NATO is moving forward with its plans to set up multinational battalions in Poland and each of the three Baltic states. Estimates of the total size of this commitment vary in the range of 3,000–4,000 troops spread between the four countries. It’s understandable that NATO is being reticent about detailing precise numbers. But finding out the overall shape of these new measures agreed at July’s Warsaw Summit – and consequently realizing that they are entirely unthreatening in nature – requires a close reading of NATO statements and some deduction. By making people work hard to realize its defensive intent, NATO is failing in a core task of strategic communications.
Russia and its sympathizers argue that these plans are escalatory and destabilizing, and it is hard to discern any coherent NATO effort in explaining that they are not. NATO should at the very least be able to get the message out that despite the rhetoric coming from Moscow, NATO is not ‘moving towards Russia’. This new programme envisages the stationing of small numbers of NATO troops on NATO territory. The size of these measures is dwarfed not only by the Russian military preparations on the other side of the border, but also by the numbers of NATO military personnel already permanently established in each of these countries. It's often overlooked that there are already many thousands of ‘NATO troops’ in each of the Baltic states and Poland on a permanent basis: these are their own national armed forces, which are no less a part of NATO than the ‘new’ battalions to be sited there.
No new troops
Furthermore the new commitments do not mean any increase in the total number of service personnel available to NATO. For example, according to media reports, the US battalion earmarked for Poland is to be drawn from 2nd Cavalry Regiment, which is already stationed in Europe and has been intensively active travelling through the region and the Baltic states as part of the US Army's reassurance mission.
The structure for the planned units is NATO's ‘framework nation’ concept, where one country provides the core functions of the notional battalion to be contributed, and other nations provide incremental numbers. The US is the lead nation for Poland, Germany for Lithuania, Canada for Latvia, and the UK for Estonia. But this doesn't mean each of those countries is following the US lead and contributing a reported 1,000 soldiers. In the case of the UK, the Ministry of Defence appears like NATO not to have publicly announced specifics of the deployment; possibly because contrary to expectations, the British troop presence in Estonia is very small and apparently made up primarily of reservists. Other nations that have offered contingents to round out the battalions include Norway, France and Denmark.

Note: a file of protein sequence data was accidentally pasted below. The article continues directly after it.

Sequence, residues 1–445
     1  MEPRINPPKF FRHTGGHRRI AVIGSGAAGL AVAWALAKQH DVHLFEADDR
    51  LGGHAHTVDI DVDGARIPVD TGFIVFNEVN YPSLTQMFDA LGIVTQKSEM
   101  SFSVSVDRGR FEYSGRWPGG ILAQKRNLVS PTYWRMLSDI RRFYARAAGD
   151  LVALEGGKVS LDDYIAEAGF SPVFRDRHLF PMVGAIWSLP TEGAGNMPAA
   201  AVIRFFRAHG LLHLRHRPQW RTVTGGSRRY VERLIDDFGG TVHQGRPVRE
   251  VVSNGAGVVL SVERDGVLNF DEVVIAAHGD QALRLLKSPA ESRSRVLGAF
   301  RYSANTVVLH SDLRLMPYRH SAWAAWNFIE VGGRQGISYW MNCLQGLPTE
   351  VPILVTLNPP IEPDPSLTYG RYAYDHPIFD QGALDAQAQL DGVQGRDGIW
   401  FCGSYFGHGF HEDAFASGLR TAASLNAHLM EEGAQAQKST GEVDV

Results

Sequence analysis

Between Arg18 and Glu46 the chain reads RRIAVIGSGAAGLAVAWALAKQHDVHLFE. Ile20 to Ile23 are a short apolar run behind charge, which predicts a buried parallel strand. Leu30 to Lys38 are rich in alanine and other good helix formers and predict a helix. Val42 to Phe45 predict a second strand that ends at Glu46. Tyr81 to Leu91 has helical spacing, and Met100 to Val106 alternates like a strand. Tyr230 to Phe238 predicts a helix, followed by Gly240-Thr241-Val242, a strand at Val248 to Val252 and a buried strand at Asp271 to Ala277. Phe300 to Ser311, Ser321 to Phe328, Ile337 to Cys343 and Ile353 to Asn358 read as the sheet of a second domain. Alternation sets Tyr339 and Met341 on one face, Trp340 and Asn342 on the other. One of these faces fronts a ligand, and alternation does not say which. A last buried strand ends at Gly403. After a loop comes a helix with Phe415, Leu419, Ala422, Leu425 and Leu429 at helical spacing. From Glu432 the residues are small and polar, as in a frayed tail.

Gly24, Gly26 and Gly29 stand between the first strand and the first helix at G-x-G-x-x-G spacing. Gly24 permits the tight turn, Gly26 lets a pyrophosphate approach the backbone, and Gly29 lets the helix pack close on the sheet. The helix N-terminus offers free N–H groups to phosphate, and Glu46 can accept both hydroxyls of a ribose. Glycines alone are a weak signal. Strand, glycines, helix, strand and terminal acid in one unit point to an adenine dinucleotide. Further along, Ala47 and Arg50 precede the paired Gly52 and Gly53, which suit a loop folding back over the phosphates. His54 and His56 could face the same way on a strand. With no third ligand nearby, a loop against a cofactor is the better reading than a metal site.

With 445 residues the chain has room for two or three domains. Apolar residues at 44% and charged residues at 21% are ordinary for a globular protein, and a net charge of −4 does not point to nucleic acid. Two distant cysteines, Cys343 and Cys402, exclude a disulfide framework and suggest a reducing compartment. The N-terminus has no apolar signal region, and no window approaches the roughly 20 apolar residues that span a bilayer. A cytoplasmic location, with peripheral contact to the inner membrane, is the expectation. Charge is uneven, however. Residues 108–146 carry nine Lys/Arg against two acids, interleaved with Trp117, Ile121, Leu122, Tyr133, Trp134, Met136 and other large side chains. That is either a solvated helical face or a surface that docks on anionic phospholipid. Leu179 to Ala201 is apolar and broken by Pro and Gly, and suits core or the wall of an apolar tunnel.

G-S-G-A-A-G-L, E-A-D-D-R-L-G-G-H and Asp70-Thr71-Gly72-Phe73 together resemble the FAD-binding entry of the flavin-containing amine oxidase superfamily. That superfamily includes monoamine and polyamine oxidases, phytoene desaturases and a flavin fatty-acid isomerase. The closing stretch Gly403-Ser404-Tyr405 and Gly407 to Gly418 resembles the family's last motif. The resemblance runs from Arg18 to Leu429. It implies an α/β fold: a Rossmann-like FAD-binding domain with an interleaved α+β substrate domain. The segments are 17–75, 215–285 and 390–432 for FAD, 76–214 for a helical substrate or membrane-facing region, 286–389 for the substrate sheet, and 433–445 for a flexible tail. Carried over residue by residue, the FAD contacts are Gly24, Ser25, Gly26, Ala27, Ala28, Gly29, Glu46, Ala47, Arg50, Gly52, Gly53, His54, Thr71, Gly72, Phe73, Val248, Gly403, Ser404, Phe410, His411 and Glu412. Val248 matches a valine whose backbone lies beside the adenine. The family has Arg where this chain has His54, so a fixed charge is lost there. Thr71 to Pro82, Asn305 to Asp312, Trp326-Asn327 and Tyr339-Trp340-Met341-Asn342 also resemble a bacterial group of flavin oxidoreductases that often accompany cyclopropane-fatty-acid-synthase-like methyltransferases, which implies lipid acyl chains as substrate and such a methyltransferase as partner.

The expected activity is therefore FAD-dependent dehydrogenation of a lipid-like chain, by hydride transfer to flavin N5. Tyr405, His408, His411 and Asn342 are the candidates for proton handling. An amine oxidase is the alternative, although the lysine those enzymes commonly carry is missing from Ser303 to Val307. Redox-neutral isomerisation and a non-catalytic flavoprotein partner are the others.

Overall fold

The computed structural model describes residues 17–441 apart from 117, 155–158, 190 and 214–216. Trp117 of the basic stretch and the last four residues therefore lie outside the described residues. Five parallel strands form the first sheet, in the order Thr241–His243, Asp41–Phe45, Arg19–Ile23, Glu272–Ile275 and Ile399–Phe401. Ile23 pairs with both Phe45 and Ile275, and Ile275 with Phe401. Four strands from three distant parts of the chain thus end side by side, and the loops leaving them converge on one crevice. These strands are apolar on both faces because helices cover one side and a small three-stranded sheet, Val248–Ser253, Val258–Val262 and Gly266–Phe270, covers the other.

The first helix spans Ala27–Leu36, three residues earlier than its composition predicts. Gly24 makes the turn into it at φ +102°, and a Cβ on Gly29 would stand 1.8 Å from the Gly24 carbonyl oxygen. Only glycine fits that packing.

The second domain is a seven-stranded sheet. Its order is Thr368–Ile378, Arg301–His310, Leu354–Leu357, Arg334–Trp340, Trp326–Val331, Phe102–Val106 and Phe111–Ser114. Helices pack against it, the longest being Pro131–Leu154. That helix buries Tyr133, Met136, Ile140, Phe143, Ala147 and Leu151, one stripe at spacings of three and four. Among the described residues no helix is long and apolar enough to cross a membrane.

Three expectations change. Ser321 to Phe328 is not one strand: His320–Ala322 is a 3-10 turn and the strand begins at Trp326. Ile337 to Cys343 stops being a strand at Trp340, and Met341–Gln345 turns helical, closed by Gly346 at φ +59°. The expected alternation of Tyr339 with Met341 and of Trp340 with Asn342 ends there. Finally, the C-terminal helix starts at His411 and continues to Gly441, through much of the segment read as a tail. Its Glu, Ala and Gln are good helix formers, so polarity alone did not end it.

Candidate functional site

Given the intensive nature and enormous scale of Russian preparations for war, if Russia did for whatever reason decide to mount a conventional armed attack against any of these countries the new deployments would do little to impede them. But this is not the point: the simple fact that they are present will adjust the risk-benefit calculations in Moscow to make that kind of attack even less likely, because Russia would immediately encounter the serious complicating factor of direct conflict with other NATO nations in addition to the one immediately under attack.
On an official level, Russia has reacted with claims that this is an illegitimate and provocative development. More privately, informed Russian senior officers and officials recognize that this tiny adjustment in NATO's posture poses absolutely no challenge or threat to Russia – unless and until Russia decides to embark on an act of military adventurism. Concerns over new escalatory deployments by Russia in response need to be put in context. Russia has already responded with major reorganizations and troop build-ups, since the NATO plans were announced well in advance of their implementation and Russia has had ample time to make its own dispositions ahead of any visible action by NATO. Again, by comparison with the scale of the Russian preparations, NATO's defensive actions are practically invisible.
It has been suggested that NATO’s plans are in breach of the NATO-Russia Founding Act, an agreement signed in 1997 in which NATO took upon itself self-imposed and voluntary restrictions on permanent deployments of new large forces. But even leaving aside the fact that the current commitments do not meet any reasonable definition of the ‘substantial combat forces’ named in the Act, the text of the agreement states specifically that these limitations were valid ‘in the current and foreseeable security environment’. Nobody can seriously argue that nothing has changed in Europe's security environment since 1997. Russia's long-standing breaches of both the spirit and the letter of the Act mean it has long since passed into irrelevance, and it is hard to understand why NATO persists in recognizing it as valid.
We might assume that NATO works to a carefully planned and managed communications strategy for explaining its activities, including the nature and purpose of the multinational battalions. But this can be hard to detect from outside the organization. Dangerously, for the time being NATO appears to be failing to communicate effectively even with its own populations – let alone the equally important task of doing the same with Russia.
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